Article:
His first start of the season couldn’t have gone much better. Facing a quality opponent, Bundy allowed just one run over seven innings while striking out eight. He didn’t walk anyone, and he was in the zone with 53.5% of his pitches, well above average. To top it off, he reintroduced his cutter after not using it at all in 2016. He threw it almost 30% of the time, and it worked as the perfect complement to his fastball with a difference of 6.6 MPH between the two pitches. Batters also swung and missed at an astounding 17.2% of pitches he threw. That’s better than anyone’s average last season.

Obviously, there were plenty of things that fell Bundy’s way too. When hitters did make contact, it was usually hard. 70.6% of the balls put in play against Bundy were either line drives or fly balls, but the Blue Jays only hit .235 on balls in play. That’s a dangerous game to play. And while drawing a swinging strike on 17.2% of pitches is incredible, it’s also not a dependable number. That’s a considerably higher percentage than any starter averaged last season. That number will regress.

Verdict

Dylan Bundy is definitely a for real talent. Owners should pick him up because if he’s finally found the right combination, he can be golden. However, he could be prone to the gopher ball, and as his newly reintroduced cutter makes the rounds, hitters could get wise to it. Also, owners can’t ignore Bundy’s health problems of the past. On top of constantly being hurt, Bundy chose not to use his cutter at all last season for health reasons. Reintroducing it could simply lead right back to him getting hurt again. Either way, Bundy should be on your roster for the time being.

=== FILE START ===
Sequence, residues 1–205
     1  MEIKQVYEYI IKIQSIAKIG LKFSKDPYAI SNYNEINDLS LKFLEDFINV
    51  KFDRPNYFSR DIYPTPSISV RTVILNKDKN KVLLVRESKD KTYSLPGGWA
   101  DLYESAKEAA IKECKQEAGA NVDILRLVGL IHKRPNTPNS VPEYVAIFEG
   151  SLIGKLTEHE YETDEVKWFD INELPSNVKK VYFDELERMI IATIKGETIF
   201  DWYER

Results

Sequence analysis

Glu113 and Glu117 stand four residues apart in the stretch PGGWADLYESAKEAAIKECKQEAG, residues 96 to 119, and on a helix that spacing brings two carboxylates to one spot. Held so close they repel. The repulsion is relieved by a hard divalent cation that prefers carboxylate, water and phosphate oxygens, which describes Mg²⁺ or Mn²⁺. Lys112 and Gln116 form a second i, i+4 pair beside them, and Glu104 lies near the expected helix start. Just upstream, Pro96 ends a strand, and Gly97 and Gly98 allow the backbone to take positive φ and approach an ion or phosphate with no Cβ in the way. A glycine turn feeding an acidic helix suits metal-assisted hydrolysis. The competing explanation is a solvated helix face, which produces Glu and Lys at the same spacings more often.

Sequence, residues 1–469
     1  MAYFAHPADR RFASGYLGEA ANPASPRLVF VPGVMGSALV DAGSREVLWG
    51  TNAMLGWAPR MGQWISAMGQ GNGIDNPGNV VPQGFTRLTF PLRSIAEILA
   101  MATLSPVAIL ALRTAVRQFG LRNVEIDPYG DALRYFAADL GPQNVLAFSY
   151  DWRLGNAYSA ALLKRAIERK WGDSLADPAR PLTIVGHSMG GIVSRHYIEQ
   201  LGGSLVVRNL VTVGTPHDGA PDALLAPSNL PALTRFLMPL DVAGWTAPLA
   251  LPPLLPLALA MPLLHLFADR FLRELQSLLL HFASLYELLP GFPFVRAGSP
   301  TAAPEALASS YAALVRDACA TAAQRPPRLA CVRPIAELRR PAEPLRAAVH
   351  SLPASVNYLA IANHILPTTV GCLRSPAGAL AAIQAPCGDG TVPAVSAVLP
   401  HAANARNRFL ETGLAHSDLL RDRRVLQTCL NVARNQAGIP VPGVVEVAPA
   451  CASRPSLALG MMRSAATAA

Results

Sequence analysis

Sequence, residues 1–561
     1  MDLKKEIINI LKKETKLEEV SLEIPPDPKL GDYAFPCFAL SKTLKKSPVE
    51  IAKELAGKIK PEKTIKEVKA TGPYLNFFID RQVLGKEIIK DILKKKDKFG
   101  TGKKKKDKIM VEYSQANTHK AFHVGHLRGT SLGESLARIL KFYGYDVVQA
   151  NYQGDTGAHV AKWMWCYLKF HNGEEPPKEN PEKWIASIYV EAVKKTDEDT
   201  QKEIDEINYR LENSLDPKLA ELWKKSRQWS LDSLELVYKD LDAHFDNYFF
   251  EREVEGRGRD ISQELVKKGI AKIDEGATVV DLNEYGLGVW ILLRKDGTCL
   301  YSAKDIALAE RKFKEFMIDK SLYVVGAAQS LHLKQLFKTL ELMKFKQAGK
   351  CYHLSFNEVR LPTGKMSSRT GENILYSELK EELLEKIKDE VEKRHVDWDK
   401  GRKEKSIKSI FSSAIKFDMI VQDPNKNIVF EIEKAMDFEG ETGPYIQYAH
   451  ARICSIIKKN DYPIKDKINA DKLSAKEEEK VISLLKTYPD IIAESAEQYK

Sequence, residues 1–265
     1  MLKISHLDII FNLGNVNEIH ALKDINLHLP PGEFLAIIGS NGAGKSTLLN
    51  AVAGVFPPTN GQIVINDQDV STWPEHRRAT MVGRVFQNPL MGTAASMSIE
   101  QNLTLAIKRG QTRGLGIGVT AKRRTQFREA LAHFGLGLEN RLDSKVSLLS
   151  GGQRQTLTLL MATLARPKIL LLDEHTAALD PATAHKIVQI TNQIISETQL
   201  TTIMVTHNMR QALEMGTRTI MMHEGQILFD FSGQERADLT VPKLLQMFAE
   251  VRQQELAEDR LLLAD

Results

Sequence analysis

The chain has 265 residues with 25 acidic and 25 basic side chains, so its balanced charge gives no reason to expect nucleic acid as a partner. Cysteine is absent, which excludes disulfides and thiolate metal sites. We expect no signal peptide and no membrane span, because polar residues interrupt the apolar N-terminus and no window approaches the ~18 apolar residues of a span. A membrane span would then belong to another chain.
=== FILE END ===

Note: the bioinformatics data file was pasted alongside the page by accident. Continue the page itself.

Amir Garrett, Cincinnati Reds – 24 years old

2016 Stats: (Triple-A) 67.2 IP, 3.46 ERA, 1.17 WHIP, 54 K (7.18 K/9), 31 BB (4.12 BB/9)

April 7, 2017 vs. St. Louis: 6.0 IP, 0.00 ERA, 0.67 WHIP, 4 K (6.00 K/9), 2 BB (3.00 BB/9)

Amir Garrett is a big lefty who is taking advantage of the full rebuild the Reds are undergoing. The Reds have been aggressive about letting prospects get the chance to learn at the major league level, and Garrett is the current pride of their pitching prospects. After a decent showing in Triple-A last season, Garrett was tagged with a chance to see what he can do at the top level. Friday, he got his first taste of the bigs.

Garrett looked impressive in his first outing, and there were a lot of nice takeaways. He shut out the Cardinals for six innings. That’s a huge accomplishment. He’s made it to the show, and he showed potential to be a solid pitcher moving forward. His fastball averaged 91.2 MPH while his slider was a solid out pitch, and coming from a big lefty, that can be a brutal combination in time. Unfortunately, that’s about the end of the good news.

His strikeout rate was low and wasn’t impressive at Triple-A last season, and his walk rate was high and was even higher at Triple-A. Only 33.3% of the balls put in play were on the ground, his BABIP was just .133 and will undergo a correction, and 100% of his runners were left on base. He also only coaxed swinging strikes on 7.7% of the pitches he threw, which is well below league-average.

Verdict

Currently, Amir Garrett is not for real - at least not yet. That’s not to say there isn’t potential, but too much about his performance on Friday points at good fortune for owners to invest at this point. Add in that his home field is very hitter-friendly and his team is likely to struggle to consistently put runs on the board, and Garrett really isn’t someone most owners should be interested in at this point.